Quite often it's worthwhile maintaining a bare-bones version of your site. For more than just compatability - there is also accessibility, printing, slow connections, etc, etc. Surely it's a better user experience to just downgrade them to that?


Thanks for all of the discussion, everyone. To help clarify my argument, I've published Instapaper's browser usage stats from February as reported by Google Analytics:

http://www.marco.org/83217369

Internet Explorer was used for 3.63% of visits to the site during the month before I made this change.


This article seems like an excuse to criticize IE. "Instapaper is severely degraded in this browser" is fine. "... because IE does not support basic web standards" comes off as catty.

I understand the frustration that IE isn't fully compatible, but as engineers it's not our job to change the world to suit our own needs; we shouldn't be converting users to a different architecture or web browser.

IMO, 10% is a lot of users - perhaps, silently degrading the experience is better than potentially offending people that have to use IE for whatever reason. When I have to use IE, the last thing I want is an application or webpage rubbing it in my face.


It absolutely is our job as engineers to change the world. We're the experts. We've done the research and have the evidence to support our positions. From there it's our duty to show the rest of the world the best solution for the problem. In this case I think the problem is number of developer cycles that go into IE compatibility. Imagine if all that time went to the actual product.

Often rubbing something in someone's face is the only way to evoke change. To degrade the experience and let the user know why it's been degraded gives them a clearer understanding of the problem. Being struck with the same problem enough times tends to get someone to act to solve it.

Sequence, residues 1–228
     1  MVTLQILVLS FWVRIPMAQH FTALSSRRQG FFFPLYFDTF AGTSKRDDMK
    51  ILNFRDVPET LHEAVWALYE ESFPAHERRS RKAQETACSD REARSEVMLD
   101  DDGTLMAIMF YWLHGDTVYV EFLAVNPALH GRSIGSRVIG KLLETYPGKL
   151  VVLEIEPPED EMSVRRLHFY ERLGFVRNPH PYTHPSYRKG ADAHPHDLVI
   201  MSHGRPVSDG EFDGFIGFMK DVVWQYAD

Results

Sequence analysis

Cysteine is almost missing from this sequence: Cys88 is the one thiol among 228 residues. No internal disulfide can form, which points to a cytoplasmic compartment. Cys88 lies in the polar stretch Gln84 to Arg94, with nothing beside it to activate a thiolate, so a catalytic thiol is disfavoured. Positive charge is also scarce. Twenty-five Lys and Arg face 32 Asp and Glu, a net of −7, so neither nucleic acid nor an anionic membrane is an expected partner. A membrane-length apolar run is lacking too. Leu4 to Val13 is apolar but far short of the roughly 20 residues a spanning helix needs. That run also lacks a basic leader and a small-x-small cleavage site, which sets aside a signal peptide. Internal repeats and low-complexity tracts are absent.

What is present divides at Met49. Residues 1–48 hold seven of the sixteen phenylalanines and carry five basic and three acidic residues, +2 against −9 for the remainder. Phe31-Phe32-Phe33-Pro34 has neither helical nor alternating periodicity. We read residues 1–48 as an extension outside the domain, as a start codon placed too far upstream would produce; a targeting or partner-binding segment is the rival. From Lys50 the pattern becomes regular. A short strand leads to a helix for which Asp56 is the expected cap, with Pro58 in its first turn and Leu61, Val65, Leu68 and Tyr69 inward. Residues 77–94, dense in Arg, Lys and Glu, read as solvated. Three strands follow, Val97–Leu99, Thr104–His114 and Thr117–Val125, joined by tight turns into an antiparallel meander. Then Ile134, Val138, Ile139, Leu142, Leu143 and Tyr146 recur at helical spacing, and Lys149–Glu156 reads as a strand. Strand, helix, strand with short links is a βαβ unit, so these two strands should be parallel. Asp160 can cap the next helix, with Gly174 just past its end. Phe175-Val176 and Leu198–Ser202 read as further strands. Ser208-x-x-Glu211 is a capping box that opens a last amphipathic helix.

Perhaps I'm just bitter because I've been doing mostly IE compatibility stuff at work lately, but "because IE does not support basic web standards" does not seem all that inaccurate to me.


Of course it's true, but why would joe six pack user care? It's not user friendly.


If you adopt a strategy where you need to spend less time supporting IE idiocy, you'll have more time to spend working on making your site more user-friendly.


The ironic thing is that Internet Explorer + HTML Applications (HTAs) is a much, much better desktop platform than a web browser. In fact, it’s probably one of the best client side platforms for Windows. You can extend it with any ActiveX control (including the .NET framework) and code it with almost any language (including, apparently, Haskell - http://www.haskell.org/haskellscript/). Some time ago I decided to start building all of my organization’s internal apps using HTAs + jQuery. It’s the bees knees (for Windows). It still accounts for most of my profanity usage when having to build actual websites.


This is what every sane web designer should do. I made this decision many years ago for a web based task manager I built with Ruby on Rails (43actions.com), and have never looked back.

Sure I got _a lot_ of negative comments for it (and still do), but in this particular case I definitely put my own sanity way ahead of the larger (but dwindling) market share.

Sorry to now be a bit inflammatory (this single question is one that boils my blood every time), but put simply IE sucks ass! IT SUCKS ASS! I _HATE_ IE. MICROSOFT HAS _ZERO TASTE_ (thanks Steve Jobs for that very early insight). Ok, enough said. Sorry.


I'm not surprise this is happening, I expect that it will happen more in future. Windows and IE may have only lost a few percentage points of market share over the past few years, but those few percentage points represent a generation of technology enthusiasts who will, I suspect, have a big impact on the way the internet evolves.

When someone who doesn't run Windows or IE builds a site for their peers who predominately don't run Windows or IE either, then finds that they have to jump through some hoops to support IE, is it any wonder they decide to pass?


I'm under the impression that this site doesn't do all that much. Ok... you store URLs, then mark them as "read" and "unread." Not necessarily a good or bad thing.. I'm sure it's incredibly useful. That's not my point.